Plasma homocysteine (Hcy), a well-known independent risk factor for coronary heart disease, is also a risk factor for cancer. Results from our studies indicate that Hcy could be used as a tumor marker. We found elevated circulating total homocysteine (tHcy) in cancer patients even though they were not treated with anti-folate drugs. In serial specimens from cancer patients undergoing treatment, the change of tHcy coincided with the concentration of tumor markers. The rapid proliferation of tumor cells contributed to the much higher concentrations of circulating tHcy. Both concentrations of tHcy and tumor marker would increase in parallel during the growth of tumor cell, but only the Hcy concentration would decline in response to tumor cell death. Several biochemical changes, including folate deficiency, oxidative stress, aberrant DNA methylation, and production of homocysteine thiolactone have been identified in association with hyperhomocysteinemia, which explained why elevated homocysteine eventually led to carcinogenesis. Conceivably, tHcy may be used as a more accurate tumor marker for monitoring cancer patients during treatment, and hyperhomocysteinemia as a risk factor for carcinogenesis.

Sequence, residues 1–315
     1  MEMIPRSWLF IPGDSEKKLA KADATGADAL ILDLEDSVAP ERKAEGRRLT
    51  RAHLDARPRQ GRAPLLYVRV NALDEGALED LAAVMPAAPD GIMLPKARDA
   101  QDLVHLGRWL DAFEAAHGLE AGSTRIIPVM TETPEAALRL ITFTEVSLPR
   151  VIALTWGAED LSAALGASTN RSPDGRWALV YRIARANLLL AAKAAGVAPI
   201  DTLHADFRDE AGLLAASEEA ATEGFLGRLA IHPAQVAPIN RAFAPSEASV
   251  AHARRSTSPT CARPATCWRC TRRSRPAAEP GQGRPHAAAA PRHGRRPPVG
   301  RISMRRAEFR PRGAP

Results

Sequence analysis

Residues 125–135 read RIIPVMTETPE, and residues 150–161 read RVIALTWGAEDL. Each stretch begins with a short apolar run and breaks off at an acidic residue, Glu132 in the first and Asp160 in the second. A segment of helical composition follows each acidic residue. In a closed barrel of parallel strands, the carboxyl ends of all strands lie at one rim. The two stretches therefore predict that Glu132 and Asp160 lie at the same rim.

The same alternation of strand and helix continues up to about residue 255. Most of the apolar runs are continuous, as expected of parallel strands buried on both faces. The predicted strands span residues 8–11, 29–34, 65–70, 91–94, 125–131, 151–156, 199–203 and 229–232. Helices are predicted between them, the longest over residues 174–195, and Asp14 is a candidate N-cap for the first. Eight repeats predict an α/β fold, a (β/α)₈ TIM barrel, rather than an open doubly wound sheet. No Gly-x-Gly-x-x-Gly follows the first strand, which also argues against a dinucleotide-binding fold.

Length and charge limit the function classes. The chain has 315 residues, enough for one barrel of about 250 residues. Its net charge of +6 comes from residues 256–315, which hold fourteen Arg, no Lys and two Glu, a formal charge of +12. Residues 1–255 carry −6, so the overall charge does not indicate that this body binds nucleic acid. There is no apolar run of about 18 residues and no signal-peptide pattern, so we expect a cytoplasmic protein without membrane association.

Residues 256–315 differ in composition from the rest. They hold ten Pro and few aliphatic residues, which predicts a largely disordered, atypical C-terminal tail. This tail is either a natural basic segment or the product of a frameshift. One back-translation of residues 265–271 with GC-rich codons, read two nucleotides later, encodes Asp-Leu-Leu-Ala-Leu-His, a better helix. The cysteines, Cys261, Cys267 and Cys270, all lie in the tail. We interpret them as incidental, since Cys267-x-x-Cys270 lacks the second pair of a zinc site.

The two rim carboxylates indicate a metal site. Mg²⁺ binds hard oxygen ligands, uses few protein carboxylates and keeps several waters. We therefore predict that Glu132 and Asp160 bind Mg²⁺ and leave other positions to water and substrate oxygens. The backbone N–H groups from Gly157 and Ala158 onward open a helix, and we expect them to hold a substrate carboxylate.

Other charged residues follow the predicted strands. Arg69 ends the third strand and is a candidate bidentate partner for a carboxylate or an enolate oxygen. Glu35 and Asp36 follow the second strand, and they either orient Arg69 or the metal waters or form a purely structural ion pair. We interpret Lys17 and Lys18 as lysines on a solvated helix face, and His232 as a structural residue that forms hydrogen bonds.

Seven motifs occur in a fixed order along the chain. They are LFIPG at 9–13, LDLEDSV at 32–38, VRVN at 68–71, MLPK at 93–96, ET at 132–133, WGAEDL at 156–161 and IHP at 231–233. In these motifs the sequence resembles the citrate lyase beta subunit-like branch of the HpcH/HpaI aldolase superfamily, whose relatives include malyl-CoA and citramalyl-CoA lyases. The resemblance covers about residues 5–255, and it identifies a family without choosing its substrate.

Copyright 2002 Elsevier Science B.V.